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Machine 1951 Vincent 998cc Rapide


Graham Smith

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Auction House
Bonhams
Location
The Autumn Stafford Sale, Stafford, Staffordshire County Showground
Date of Auction
20 October 2019
Lot Number
348
Price
Sold for £ 26,450 inc. premium
Auction Link
https://www.bonhams.com/auctions/25384/lot/348/
Registration no. LXY 35 (see text)
Frame no. RC8316B Rear Frame no. RC7402 (see text)
Engine no. F10AB/1/5502 Crankcase mating no's. KK55 / KK55 (see text)
• An older restoration
• Laid up since circa 2002
• Present ownership since 2012

Ever since the Series A's arrival in 1937, the Vincent v-twin has been synonymous with design innovation, engineering excellence and superlative high performance. Philip Vincent's machines bristled with innovative features while the finish was to a very high standard commensurate with the cost of the machine, which was virtually double that of any of its contemporaries. But above all else it was the v-twin's stupendous performance that captivated motorcyclists, whether they could afford one or not. With a top speed approaching 120mph, and bettering it in the Black Shadow's case, the Vincent v-twin was the fastest road vehicle of its day.

This Series-C Rapide was purchased by the immediately preceding lady and gentleman owners - both active members of the Vincent Owners Club - in December 1997 from Mr C J Biggenden, who had bought it from a Mr P A Noble in January 1987. There is correspondence on file between Messrs Biggenden and Noble concerning the change of upper frame (originally 'RC7402' and now 'RC8316B'). One of these letters refers to the Vincent being rebuilt by a previous owner, who may well have fitted the matching Smiths 150mph speedometer and tachometer, and the Amal Mk1 Concentric carburettors.

Mr Biggenden was obviously a dedicated enthusiast, keeping a detailed log of all faults, maintenance and routine servicing, together with mileage, which consists of 17 typed A4 pages (close inspection recommended). This record runs from purchase in January 1987 (at 386 miles) to July 1997, by which time Mr Biggenden had covered some 17,700 miles on the Vincent. It would appear that the Rapide covered a further 4,000 miles (the current odometer reading is 22,701) before being laid up following the then lady vendor's partner's death around 17 years ago.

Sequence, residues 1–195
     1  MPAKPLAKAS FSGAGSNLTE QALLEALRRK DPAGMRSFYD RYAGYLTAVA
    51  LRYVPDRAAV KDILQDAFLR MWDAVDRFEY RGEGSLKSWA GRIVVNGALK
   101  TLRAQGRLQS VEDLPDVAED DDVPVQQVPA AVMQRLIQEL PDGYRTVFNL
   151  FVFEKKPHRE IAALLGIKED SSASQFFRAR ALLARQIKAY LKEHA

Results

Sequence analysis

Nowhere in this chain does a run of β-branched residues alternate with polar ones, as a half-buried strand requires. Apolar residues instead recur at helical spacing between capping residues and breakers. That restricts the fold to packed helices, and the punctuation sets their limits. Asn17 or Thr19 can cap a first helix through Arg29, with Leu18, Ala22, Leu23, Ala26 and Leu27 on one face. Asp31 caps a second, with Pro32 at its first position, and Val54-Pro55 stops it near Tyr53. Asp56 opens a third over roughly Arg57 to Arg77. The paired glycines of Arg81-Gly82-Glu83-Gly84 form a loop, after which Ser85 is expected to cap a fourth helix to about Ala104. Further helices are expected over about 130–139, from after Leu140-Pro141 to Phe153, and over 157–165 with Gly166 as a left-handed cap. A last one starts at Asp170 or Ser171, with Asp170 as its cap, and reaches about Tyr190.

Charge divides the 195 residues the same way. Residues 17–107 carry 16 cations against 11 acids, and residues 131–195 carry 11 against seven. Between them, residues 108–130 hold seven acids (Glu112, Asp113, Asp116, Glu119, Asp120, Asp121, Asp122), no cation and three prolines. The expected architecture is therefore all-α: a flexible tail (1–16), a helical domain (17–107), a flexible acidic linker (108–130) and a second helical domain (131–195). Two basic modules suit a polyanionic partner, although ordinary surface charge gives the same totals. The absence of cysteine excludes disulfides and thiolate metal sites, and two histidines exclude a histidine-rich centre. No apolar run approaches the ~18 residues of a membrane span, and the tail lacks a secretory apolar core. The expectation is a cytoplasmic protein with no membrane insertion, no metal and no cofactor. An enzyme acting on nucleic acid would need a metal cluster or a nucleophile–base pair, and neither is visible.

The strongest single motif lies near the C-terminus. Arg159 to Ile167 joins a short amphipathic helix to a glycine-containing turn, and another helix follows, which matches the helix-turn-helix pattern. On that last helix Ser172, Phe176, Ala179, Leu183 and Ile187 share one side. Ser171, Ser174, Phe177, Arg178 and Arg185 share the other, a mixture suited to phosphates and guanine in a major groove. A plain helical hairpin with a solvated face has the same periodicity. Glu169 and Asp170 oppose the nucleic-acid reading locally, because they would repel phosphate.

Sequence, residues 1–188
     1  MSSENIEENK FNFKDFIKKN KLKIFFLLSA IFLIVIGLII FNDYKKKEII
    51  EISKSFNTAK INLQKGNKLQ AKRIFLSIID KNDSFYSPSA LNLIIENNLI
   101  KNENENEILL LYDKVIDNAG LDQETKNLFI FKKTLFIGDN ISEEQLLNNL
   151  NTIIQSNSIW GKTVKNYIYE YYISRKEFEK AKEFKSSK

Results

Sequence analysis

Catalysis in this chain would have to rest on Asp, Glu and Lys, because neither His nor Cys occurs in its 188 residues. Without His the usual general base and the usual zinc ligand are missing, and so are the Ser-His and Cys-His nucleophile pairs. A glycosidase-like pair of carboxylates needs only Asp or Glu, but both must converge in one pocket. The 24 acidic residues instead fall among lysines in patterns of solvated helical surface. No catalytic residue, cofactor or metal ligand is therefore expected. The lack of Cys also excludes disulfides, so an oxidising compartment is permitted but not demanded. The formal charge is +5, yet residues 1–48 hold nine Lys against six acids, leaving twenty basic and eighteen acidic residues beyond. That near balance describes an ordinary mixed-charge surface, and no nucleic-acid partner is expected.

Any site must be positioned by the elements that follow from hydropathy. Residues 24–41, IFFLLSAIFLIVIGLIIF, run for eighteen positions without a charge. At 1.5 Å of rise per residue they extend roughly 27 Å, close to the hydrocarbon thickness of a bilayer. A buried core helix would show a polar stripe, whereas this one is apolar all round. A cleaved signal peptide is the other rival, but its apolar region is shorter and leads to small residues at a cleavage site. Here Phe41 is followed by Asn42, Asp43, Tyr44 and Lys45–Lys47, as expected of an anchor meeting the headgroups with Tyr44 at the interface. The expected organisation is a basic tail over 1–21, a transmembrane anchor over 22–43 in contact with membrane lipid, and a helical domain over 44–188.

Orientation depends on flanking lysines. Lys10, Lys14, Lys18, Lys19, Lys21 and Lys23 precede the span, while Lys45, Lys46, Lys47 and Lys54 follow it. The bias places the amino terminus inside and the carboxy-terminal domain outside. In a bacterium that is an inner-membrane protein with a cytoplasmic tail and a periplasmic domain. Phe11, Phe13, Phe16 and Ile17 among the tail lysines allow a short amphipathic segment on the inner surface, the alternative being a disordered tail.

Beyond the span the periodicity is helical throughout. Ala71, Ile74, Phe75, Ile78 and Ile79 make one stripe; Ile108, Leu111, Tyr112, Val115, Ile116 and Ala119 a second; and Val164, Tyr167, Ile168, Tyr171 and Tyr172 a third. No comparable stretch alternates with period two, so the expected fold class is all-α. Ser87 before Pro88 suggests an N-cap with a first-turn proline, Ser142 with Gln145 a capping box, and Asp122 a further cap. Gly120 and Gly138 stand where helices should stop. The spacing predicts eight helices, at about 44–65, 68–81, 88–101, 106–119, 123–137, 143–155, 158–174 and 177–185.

The current vendor purchased the Rapide at Bonhams' Oxford Sale in June 2012 (Lot 153), since when it has not been used. Accompanying documentation consists of various bills of sale, a quantity of invoices, and eight MoTs (most recent expired 1998). Re-commissioning and the customary safety checks are advised before returning this machine to the road following its lengthy period of inactivity.

We are advised by the Vincent Owners Club that the numbers of the upper frame and rear frame are non-factory stampings. Accordingly, prospective purchasers must satisfy themselves with regard to the composition, suitability and authenticity of the machine's components as well as the validity of the vehicle registration number prior to bidding. Offered with old/current V5C Registration Certificates.

Screenshot 2019-10-20 at 22.43.58.pngScreenshot 2019-10-20 at 22.43.37.pngScreenshot 2019-10-20 at 22.43.11.pngScreenshot 2019-10-20 at 22.42.51.pngScreenshot 2019-10-20 at 22.42.41.pngScreenshot 2019-10-20 at 22.42.23.pngScreenshot 2019-10-20 at 22.42.16.pngScreenshot 2019-10-20 at 22.42.01.pngScreenshot 2019-10-20 at 22.41.42.pngScreenshot 2019-10-20 at 22.40.07.png
 
Last edited:

Graham Smith

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I'd be interested to know what @vin998 says about these numbers.

Not sure I've seen many possible re-stamps in the flesh.
 

Graham Smith

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vin998

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I'd be interested to know what @vin998 says about these numbers.

Not sure I've seen many possible re-stamps in the flesh.
The problem is I've have seen too many restamps and there are several reasons owners get the stamps out. In the past it used to be to match registration document to bikes rather than get correct documentation and more recently it's to make engine and frames match or to pass off new replica parts (usually engines) as originals all for financial reasons. The other potential reason is to hide stolen parts.
Without explaining how numbers are checked, as I don't want to give hints to the restampers how to do it correctly, I would have to agree with Bonhams description of the frame numbers.
 

Albervin

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VOC Member
I don't think one would have to be an "expert" to have concerns about the RFM but the UFM would have certainly not raised alarm bells. Reading the Bonhams description I think a certain ex-employee was still alive and "active" when the bike was built/assembled.
 

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